It is Ruckman's unique position on the King James Version, however, that has brought him the greatest opposition. In the past decade the attention of conservative writers has been centered upon what group of Greek manuscripts of the New Testament most accurately represents the original text. A number of Christian writers favor what is known as the Byzantine text type, the basic text used in the translation of the king James Version. For this reason they believe that the Authorized Version represents the best possible translation of the New Testament into English. English-speaking Christian, they claim, should use the King James Version exclusively because it alone gives us more accurately the Word of God in our English tongue. Ruckman agrees with this but goes even further. He regards the translators of the Authorized Version as having been "inspired" by the Holy Spirit in their translating work, therefore making their more accurate than any Greek text of the New Testament now in existence. Thus the K.J.V. becomes for Ruckman and his followers the only possible translation acceptable for use by God's people today.
The elevation of the King James Version to the level of an "inspired" and therefore "infallible" translation is a serious error, for it goes beyond what the facts themselves warrant and leads Ruckman to conclusions that ultimately damage the authority of God's original words written by his inspired Apostles. In the first place it means that Ruckman is forced to defend questionable and even erroneous translations made by the King James translators. One such questionable translation is the use of the term Easter in Acts 12:4. In his COMMENTARY ON THE BOOK OF ACTS, he acknowledges that the words "after Easter" in the A.V. are used to translate the Greek words "after the Passover." Since Easter is a term adopted several centuries ago by Christianity to refer to the time of Christ resurrection, it is not strictly accurate to designate the Passover as Easter. What especially bothers some Christians about the use of the term "Easter" for "Passover" is the fact that Easter was derived from the name of a pagan goddess "Eastre" whose festival was celebrated at the time of the vernal equinox - the same basic season as the Passover and the celebration of the resurrection. Therefore to use this term of pagan origin when the Greek text simply reads "Passover" leads many Christians to feel that the A.V. should be corrected at this point. However, Ruckman's position will not allow him to alter one single word in the Authorized Version. He therefore defends the King James use of "Easter" by insisting that the Holy Spirit personally directed and inspired the translators to use this term. He writes: "AFTER EASTER (vs.4). The Holy Spirit has thrust Himself into the A.V. committee of 1611 and said 'WRITE' ..." (pp 335f).
Ruckman goes even further, however, and defends the A.V.'s errors as additional revelation. In his book, THE CHRISTIAN'S HANDBOOK OF MANUSCRIPTS EVIDENCE (1970) he has a chapter entitled, "Correcting the Greek with the English". In it he actually defends the K.J.V. translation of "churches" in Acts 19:37 when every known Greek manuscript has the word "temples". He justifies this rendering with the startling assertion that "Mistakes in the A.V. 1611 are advanced revelation" (p 126). This makes the A.V. better than the original Greek upon which it is based. In his book PROBLEM TEXTS, he asserts that 'the K.J.V. English rendering is so perfect that Acts 2:38 was left in by God to mislead people.'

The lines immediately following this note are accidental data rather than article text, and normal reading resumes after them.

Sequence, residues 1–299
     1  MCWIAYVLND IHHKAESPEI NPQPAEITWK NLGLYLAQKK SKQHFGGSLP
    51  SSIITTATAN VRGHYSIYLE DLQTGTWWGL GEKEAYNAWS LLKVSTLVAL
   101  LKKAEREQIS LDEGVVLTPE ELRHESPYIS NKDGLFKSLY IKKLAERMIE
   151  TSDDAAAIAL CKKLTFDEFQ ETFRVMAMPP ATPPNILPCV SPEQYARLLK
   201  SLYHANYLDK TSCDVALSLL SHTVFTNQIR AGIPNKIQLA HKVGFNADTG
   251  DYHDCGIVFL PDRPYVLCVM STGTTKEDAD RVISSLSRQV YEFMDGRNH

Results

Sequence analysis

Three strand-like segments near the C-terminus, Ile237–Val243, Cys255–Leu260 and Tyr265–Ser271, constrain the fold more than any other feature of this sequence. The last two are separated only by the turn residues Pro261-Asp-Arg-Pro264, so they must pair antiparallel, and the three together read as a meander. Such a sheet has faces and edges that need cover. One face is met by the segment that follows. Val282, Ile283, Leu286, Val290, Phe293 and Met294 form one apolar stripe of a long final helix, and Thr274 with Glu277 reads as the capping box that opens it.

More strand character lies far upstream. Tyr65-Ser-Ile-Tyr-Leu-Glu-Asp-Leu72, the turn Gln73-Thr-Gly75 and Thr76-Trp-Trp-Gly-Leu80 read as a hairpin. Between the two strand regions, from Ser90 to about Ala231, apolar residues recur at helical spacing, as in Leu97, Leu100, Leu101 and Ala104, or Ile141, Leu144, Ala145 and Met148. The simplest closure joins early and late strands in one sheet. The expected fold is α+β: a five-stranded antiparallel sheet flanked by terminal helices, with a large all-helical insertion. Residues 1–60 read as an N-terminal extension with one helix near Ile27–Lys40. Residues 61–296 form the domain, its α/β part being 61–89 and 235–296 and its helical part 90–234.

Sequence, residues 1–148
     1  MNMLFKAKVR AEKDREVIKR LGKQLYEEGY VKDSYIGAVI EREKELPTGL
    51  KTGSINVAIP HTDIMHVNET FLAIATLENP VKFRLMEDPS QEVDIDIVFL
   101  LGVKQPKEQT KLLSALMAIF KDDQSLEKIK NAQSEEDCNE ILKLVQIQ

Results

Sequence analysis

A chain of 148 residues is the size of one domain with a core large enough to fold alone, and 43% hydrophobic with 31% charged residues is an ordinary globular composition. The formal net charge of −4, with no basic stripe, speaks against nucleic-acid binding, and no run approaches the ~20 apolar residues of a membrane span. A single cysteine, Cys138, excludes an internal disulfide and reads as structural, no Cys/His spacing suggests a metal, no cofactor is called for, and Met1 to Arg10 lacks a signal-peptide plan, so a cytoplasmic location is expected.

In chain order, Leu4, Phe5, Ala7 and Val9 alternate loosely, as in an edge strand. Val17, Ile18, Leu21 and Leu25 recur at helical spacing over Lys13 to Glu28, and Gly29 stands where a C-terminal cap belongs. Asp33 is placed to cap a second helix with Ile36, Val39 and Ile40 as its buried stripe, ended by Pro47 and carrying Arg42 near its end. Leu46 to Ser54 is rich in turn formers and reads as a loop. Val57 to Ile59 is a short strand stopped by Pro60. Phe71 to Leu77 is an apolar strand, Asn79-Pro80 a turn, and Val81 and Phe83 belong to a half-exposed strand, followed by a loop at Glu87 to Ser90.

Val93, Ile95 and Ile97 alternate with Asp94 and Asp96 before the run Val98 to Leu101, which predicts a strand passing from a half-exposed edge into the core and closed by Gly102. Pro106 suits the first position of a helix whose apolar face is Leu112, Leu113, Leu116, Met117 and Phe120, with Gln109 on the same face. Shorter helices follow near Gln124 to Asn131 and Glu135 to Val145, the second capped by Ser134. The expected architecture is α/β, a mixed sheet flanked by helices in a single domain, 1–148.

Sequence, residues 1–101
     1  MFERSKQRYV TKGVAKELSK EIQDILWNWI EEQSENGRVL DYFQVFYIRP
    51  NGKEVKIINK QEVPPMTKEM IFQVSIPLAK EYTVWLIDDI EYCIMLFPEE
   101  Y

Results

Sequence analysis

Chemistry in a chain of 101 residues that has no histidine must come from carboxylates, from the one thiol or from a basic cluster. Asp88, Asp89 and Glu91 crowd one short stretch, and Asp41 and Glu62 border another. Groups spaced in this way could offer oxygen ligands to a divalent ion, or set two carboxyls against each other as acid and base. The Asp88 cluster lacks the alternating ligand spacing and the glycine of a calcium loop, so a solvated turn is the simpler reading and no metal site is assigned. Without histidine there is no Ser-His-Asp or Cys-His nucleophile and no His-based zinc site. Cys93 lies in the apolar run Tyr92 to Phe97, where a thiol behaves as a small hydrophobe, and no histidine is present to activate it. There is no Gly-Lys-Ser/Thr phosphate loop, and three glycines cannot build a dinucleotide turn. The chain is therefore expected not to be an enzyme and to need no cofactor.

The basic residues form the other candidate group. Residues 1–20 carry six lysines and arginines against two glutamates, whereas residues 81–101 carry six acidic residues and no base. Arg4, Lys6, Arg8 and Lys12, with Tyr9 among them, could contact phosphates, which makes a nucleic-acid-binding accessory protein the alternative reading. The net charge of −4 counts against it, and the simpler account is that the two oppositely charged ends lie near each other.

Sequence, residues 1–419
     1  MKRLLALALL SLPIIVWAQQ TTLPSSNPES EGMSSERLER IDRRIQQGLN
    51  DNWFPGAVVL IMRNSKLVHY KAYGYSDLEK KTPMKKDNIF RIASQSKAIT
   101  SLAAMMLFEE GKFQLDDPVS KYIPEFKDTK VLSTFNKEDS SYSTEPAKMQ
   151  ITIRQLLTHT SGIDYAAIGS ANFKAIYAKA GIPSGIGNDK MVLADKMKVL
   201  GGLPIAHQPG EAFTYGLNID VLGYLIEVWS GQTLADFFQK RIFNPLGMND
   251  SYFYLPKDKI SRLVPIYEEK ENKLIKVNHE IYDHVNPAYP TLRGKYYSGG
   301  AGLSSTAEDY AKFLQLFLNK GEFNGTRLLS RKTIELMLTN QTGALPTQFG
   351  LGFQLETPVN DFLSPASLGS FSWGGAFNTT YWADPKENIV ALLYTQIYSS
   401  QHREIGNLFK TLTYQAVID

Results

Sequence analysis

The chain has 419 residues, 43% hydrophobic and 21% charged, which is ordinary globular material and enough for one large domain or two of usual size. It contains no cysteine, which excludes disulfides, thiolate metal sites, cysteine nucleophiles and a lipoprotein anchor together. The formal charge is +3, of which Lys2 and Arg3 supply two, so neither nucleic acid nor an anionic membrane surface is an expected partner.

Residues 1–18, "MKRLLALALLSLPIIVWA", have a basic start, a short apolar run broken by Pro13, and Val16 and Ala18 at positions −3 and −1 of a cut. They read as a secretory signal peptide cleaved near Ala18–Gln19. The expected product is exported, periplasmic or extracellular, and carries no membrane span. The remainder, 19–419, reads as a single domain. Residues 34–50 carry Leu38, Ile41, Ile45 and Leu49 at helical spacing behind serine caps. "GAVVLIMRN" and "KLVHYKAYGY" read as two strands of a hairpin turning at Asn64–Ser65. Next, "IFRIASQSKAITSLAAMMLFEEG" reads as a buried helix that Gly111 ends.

The next paragraph is interesting because it suggests the possibility of any cult leader pushing his own favourite Bible translation as "inspired":
The major difficulty with such a position is that such a claim of infallibility could be made about any translation. Once a translation is viewed as superior to the text it translates, any mistakes in translation can be written off as further light revealed by God. On this basis no translation could ever be shown to be incorrect. Furthermore, the only evidence one would have that the translation was given directly by God would be the word of the one making such a claim. In that case the word of the religious leader making this assertion would become more authoritative that the Biblical text itself, since one would have his word that the translation was infallible. This is exactly what has happened in Ruckmanism, and Ruckman's followers cling to his every word with all the devotion of cultist to their cult leaders.
It's not a huge leap from the current Dub view that the NWT is the best available translation to one that was "re-inspired" by the Holy Spirit through the translation committee. Imagine the Dubs turning from defending their unique renderings of scripture in the NWT to saying that Jehovah "corrected" the original manuscripts as he moved on Franz, Gangas and the others via holy spirit!
Any more observations on this comparison?